Regimental Association of the Prince of Wales's Leinster Regiment (Royal Canadians)
Sgt. John O'Neill
FOR IMMEDIATE RELEASE
Sgt. John O'Neill VC MM remembered
WW1 war hero remembered
11 November 2005 -- On 11 November 2005, the chairman of the Association, Mr. Vincent McGough laid a wreath on the grave of 4119 Sergeant John O'Neill VC. MM. 2nd Battalion Prince of Wales's Leinster Regiment (Royal Canadians). Sgt. O'Neill won his VC on the 14 October 1918 during the fighting at Ledgehem, near Courtrai, Belgium. The Association was instrumental in recommemorating the resting place of Sgt John O'Neill on 31st October 2004.
About Sgt. John O'Neill VC, MM
On the 13 and 14 October 1918 toward the end of t he Great War, as part of the 29th Division of the IInd Corps the 2 Battalion Leinster Regiment were fighting in the Ledeghem sector near Courtrai (Kortrijk) in Belgium. The Leinster Regiment were the advance troops of the 88th Brigade. On the morning of the 14th Sgt. O'Neill received news that his brother, a member of the 36th Ulster Division who was also fighting on the right of the Leinsters, had been killed in action. At the start of the days artillery barrage, presumably to avenge his brother, Sgt. O'Neill charged ahead of the barrage and led the Leinster attack being the first man in many enemy strongholds. In the village of Staceghem he teamed up with another sergeant from the 4/Worcester Regiment and between them commenced to clear several houses of enemy combatants. He was awarded the Victoria Cross for reckless gallantry. John O'Neill was born in Airdrie, Lanark and enlisted in to the Leinster Regiment at the age of 17. Within four years he had been honoured with the Military Medal, the Victoria Cross, Médaille Militaire , and the Légion d'Honneur. He also served in the RAF as an Armourer Sergeant when he served alongside Lawrence of Arabia and in the Pioneer Corps as Lieutenant O'Neill during WW2 (1941) defending Liverpool's docklands from air attack. John O'Neill died of heart attack on the 16 October 1942. He is buried in Trinity Road Cemetery, Hoylake, Wirral.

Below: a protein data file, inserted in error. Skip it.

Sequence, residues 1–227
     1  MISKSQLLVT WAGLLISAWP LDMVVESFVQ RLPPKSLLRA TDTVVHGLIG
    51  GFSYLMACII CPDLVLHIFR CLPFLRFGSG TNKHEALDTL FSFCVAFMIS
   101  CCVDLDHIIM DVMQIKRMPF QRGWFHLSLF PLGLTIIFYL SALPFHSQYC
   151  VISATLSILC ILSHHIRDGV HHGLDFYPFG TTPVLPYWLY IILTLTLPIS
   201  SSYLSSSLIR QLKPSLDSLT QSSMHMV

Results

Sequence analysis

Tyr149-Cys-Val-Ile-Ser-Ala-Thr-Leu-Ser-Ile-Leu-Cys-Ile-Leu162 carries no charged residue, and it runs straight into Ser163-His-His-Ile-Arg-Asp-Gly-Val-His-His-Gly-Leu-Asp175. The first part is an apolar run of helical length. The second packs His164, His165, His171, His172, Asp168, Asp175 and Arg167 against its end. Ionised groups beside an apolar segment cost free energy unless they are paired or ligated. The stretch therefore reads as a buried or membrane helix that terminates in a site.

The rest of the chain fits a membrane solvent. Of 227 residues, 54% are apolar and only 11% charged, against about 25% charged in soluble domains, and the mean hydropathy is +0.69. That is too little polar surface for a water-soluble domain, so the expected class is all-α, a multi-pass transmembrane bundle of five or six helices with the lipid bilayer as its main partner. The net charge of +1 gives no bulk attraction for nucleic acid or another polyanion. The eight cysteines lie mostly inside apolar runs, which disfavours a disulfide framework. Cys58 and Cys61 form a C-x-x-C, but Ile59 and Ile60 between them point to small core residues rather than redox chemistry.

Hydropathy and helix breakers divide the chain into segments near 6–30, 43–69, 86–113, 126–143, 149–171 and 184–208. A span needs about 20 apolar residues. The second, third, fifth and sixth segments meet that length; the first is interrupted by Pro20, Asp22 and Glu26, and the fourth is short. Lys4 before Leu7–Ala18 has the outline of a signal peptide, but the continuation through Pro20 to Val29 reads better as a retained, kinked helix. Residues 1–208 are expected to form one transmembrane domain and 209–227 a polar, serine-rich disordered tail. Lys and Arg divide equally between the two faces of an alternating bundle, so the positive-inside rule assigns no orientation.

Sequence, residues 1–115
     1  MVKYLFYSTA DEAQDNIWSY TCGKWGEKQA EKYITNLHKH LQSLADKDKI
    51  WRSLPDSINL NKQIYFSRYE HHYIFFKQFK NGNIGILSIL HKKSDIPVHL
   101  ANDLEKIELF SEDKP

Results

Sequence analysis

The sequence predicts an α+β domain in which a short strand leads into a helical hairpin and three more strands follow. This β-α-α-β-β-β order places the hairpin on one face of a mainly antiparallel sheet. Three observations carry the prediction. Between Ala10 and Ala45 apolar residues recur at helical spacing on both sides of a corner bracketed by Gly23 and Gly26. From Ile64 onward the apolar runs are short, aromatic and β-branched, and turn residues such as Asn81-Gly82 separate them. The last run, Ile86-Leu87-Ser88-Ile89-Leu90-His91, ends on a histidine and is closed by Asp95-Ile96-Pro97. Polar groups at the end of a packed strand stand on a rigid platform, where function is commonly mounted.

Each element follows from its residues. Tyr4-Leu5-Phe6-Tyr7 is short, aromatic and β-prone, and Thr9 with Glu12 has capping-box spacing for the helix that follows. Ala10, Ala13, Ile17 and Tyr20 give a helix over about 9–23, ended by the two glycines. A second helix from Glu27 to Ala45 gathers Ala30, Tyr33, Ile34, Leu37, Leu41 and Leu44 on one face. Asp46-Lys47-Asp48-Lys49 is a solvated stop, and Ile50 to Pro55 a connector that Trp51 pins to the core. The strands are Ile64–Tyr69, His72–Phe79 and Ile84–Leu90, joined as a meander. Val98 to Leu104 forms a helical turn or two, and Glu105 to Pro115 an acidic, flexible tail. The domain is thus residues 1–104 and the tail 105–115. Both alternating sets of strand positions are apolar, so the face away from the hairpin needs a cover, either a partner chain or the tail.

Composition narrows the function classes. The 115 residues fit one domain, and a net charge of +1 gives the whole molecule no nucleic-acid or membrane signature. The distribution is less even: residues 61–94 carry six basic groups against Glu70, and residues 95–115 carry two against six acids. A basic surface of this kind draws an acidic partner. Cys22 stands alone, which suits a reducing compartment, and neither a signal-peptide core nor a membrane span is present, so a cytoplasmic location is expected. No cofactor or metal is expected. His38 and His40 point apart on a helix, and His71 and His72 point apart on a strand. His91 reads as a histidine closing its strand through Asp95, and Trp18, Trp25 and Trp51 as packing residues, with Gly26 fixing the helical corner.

About the Association
The Prince of Wales's Leinster Regiment that served in the British Army for hundreds of years was disbanded as part of the economy cuts and downsizing of the British Army in 1922. For many years they became part of the forgotten Irish legacy of the British Army. Today there are many descendents of the men who served in the Leinsters who would like to see a more positive recognition of the part played by the disbanded Irish Regiments and in more recent years a number of individuals have developed initiatives to honour those soldiers. The Regimental Association of the Prince of Wales's Leinster Regiment was reformed in April 2003 principally through the efforts of David Ball, whose great uncle James Fay was a Leinster Soldier killed in action on the 12 August 1915, and with the support of the Combined Irish Regiments Association. The aims of the Association is to encourage all to honour the gallantry and service of all men who served in this Irish Regiment of the British Army, especially now as Irishmen of both North and South Ireland are beginning the process of reconciliation.
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